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What The Golf? Review (PS5) – A Hole in One and So Much More

What The Golf? Review (PS5) – To say that What The Golf? is a game where you play golf would undersell what this game actually is.

While the core idea of getting an object into a hole is present throughout the game, What The Golf? is a delightfully off-beat game that oozes charm from the very beginning and had me totally engrossed throughout.

Packed full of weird and wonderful delights, What The Golf? is a surprisingly varied roller coaster that takes you through gimmick after gimmick, with most of them feeling like they could very well be full games in their own right.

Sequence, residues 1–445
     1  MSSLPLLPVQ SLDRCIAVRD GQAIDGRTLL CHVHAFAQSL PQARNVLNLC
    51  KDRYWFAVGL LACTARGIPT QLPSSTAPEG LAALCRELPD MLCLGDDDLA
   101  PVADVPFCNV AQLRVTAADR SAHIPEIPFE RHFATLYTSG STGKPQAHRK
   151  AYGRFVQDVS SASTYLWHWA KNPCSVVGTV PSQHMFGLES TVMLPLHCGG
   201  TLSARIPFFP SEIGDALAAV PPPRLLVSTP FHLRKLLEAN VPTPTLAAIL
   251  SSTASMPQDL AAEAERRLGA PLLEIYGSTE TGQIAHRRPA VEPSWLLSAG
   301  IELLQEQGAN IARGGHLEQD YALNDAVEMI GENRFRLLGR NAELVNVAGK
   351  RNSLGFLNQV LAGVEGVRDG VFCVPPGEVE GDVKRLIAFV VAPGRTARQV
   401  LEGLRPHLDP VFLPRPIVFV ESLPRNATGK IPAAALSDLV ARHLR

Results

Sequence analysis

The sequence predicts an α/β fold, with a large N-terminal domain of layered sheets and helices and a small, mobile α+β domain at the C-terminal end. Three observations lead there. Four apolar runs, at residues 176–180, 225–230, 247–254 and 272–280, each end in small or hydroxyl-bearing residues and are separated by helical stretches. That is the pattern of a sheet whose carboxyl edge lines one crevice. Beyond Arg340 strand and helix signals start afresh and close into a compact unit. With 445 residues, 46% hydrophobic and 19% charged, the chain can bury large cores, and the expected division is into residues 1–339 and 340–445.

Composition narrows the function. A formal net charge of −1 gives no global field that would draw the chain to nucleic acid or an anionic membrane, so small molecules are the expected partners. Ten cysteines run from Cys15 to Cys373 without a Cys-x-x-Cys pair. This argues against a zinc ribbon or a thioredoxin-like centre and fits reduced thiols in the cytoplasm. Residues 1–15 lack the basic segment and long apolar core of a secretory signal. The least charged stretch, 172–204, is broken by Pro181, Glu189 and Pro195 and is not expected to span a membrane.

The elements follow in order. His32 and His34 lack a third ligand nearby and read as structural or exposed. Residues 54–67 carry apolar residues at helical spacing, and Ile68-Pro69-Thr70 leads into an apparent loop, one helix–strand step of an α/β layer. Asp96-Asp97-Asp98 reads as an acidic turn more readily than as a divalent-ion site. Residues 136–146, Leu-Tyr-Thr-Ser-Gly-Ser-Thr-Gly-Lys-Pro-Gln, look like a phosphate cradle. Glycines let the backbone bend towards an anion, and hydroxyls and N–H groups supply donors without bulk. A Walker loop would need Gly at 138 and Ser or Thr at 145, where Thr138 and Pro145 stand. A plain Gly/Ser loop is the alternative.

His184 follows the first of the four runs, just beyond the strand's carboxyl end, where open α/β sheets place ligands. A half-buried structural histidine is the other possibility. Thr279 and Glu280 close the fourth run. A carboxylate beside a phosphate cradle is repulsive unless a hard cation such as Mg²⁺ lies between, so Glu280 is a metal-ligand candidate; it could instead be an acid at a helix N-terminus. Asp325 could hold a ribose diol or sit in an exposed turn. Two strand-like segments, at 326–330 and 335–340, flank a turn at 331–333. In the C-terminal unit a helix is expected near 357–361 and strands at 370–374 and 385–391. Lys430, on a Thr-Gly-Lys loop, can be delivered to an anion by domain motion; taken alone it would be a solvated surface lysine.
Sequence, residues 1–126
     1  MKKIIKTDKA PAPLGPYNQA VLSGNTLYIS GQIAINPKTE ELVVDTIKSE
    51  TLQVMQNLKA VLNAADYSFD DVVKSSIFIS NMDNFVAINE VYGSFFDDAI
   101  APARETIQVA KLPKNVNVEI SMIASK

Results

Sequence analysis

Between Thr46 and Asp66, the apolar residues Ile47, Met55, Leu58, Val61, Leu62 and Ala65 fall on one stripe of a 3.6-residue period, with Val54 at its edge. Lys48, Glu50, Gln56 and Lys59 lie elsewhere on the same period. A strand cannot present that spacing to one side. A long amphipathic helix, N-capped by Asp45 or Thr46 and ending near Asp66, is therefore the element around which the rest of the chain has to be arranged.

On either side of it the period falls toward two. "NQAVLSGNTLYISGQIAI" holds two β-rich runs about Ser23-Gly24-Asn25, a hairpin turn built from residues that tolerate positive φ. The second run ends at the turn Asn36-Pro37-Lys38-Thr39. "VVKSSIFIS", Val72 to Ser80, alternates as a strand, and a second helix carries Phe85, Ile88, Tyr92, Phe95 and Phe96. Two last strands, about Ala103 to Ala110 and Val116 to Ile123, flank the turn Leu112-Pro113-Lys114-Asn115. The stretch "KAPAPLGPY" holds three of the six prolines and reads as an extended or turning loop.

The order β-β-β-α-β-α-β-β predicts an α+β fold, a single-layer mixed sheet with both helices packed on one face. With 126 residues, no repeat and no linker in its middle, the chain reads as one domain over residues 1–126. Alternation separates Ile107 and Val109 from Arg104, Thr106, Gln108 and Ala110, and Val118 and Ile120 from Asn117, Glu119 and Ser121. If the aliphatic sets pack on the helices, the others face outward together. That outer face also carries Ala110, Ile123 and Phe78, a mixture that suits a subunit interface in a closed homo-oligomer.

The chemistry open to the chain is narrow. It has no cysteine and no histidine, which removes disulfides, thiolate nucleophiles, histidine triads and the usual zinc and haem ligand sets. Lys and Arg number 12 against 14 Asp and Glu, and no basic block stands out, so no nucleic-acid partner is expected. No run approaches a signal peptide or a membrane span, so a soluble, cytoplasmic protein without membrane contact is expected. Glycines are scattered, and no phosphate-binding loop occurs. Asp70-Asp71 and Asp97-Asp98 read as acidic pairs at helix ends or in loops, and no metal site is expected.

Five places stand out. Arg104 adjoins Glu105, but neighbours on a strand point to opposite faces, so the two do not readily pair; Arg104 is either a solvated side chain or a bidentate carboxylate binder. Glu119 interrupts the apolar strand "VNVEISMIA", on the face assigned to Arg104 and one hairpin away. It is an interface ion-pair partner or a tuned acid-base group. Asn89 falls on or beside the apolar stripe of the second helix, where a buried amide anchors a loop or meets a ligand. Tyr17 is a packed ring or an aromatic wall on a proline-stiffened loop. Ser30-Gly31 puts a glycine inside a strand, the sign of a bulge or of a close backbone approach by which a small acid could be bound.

While not every one stuck the landing, the vast majority were a hole-in-one and were brilliant fun.

What The Golf? Review (PS5) – A Hole-In-One And So Much More

Tee Off

What The Golf? is a game all about playing a very abstract version of mini golf; you aim and shoot your ball into the goal through various obstacle courses that each have their own particular gimmick about them.

While you start the game playing on basic golf courses, things very quickly fly off the rails as you start aiming the club itself, or even things like bikes and cars (and those are some of the more sensible ones).

From the opening stages of the game, the idea of this being a traditional mini-golf game was completely thrown out of the window without any hesitation and I absolutely loved every second of it.

I’ve not played a game that is so comfortable in being just downright insane and it was wonderful to see these developers let loose with their creativity. They didn’t set out to make a golf game, and it shows.